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12/13/2020 at 03:44PM

College essay on same topic as preferred major.

My son has written his common app essay on this prompt "Describe a topic, idea, or concept you find so engaging it makes you lose all track of time. Why does it captivate you? What or who do you turn to when you want to learn more?"

He is laser focused on pursuing physics, astrophysics/astronomy and his essay, which I think is wonderfully written, describes how he started getting curious about stars, planets, galaxies when he was in 3rd grade. It takes the reader through a journey about how he furthered that using various avenues and

As he has started applying for various colleges, we are finding that for a couple colleges the starting prompt's response ends up being on the same lines as his common app essay.

1) Describe three experiences and/or activities that have helped develop your passion for a possible career in a STEM field.

2) Students at Yale have plenty of time to explore their academic interests before committing to one or more major fields of study. Many students either modify their original academic direction or change their minds entirely. As of this moment, what academic areas seem to fit your interests or goals most comfortably?

Why do these areas appeal to you?

Will he be at a disadvantage because of this ? He cannot change the responses to these individual college prompts as they require focused response. Should he pick another prompt for his common app essay ?

It will be helpful to get guidance on this situation.

Thank you.

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1 answer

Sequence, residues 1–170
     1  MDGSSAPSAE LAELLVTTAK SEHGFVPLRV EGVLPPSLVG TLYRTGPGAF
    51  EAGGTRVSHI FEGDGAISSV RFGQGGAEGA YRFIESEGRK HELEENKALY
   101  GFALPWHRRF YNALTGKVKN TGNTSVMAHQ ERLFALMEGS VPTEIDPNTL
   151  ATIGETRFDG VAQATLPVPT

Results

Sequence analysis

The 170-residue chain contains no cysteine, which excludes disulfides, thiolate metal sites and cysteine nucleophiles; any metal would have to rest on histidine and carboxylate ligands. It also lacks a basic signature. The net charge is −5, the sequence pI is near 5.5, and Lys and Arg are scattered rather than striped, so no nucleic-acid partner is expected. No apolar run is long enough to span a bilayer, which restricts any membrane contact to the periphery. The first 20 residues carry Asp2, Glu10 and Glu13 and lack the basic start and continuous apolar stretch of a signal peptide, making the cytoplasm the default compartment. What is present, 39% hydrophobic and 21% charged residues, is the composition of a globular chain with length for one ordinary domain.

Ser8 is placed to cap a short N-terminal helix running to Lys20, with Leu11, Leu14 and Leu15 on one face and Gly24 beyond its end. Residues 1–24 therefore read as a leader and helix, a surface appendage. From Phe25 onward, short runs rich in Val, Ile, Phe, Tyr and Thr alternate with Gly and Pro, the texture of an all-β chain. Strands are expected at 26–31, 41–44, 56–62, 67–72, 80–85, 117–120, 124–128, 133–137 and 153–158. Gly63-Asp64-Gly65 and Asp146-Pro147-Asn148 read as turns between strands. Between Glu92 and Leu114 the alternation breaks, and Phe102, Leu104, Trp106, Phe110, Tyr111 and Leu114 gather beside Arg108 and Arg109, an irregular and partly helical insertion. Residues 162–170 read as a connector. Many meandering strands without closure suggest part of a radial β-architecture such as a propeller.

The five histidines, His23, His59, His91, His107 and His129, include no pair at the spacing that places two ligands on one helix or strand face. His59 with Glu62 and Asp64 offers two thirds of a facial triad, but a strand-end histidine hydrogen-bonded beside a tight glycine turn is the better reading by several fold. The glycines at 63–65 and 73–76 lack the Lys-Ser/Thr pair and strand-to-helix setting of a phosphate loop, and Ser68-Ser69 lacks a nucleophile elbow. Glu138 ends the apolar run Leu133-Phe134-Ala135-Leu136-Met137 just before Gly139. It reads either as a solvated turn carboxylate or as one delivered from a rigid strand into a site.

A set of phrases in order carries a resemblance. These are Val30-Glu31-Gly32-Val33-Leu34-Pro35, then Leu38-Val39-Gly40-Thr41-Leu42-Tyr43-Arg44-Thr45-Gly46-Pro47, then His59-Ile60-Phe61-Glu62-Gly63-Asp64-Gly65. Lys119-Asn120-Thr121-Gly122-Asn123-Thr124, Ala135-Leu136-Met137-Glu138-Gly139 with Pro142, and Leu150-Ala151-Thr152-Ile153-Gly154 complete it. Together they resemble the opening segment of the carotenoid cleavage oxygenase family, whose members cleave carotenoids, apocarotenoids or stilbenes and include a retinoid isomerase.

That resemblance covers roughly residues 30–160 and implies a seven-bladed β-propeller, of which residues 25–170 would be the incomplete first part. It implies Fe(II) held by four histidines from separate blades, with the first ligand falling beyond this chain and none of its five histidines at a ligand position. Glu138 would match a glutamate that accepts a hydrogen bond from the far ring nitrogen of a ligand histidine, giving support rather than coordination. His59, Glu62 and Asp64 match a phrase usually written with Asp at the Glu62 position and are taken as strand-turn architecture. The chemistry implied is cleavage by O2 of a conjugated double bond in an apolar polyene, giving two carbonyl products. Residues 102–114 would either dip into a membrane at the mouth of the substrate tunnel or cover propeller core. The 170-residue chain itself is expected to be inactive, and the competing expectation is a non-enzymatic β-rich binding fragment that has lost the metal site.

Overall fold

12/13/2020 at 05:39PM

I would not say that he is disadvantaged in total (for I have not read the essays), but I would say that he has given a very limited, a very narrow depiction of his “interests” as a person. Take, for example, [1] a student who wrote the supplement college prompts about his interests (which is a requirement as you have stated), and then wrote the common app essay on something completely different—like maybe how the student invested time into arts and crafts (small event) or organized a local blood drive for the community (big event). Meanwhile, take [2] a student who wrote both, or all, college essays about his/her single interests—STEM you have stated. Now which student has given a great, holistic depiction of themselves?

The second student’s interests were very “limited” (a college may find this a bit hard to accept, like “Yale”), whereas the first student’s interests were defined on two or more fields (a college would probably love this).

So whether the essay is good or not (and I presume that it is), the underlying question to the student is if they believe they have painted the greatest image of themselves in the essay? “Are the college admissions offices going to go ‘ooh’ and ‘awe’?”

Also note that the common app essay you stated—“Describe a topic...learn more?”—doesn't have to be solely about his career interests. It could be something completely different! Or something very specific that has that “awe” factor. Read this essay, it’s truly extraordinary for this prompt along the similar lines of STEM: (

I hoped I helped out a bit!! I’m just a peer trying to get into a good college too <3

@adri12/13/2020 at 08:24PM

this is good, but you can also approach your field from 2 different perspectives... for example I am doing EE so my first essay, I talked about the intersection of science and policy in my own life and how that shaped my perspective, while in my supplemental essay, I talked about how much the subject meant to me and how it permeated through my every day.

@OFHanson12/13/2020 at 10:25PM

Yeah, you can honestly approach any essay anyway you wish as long as the prompt is answered and it is personal; it’s just that sometimes we focus on the highlighted details that we forget to be personal sometimes.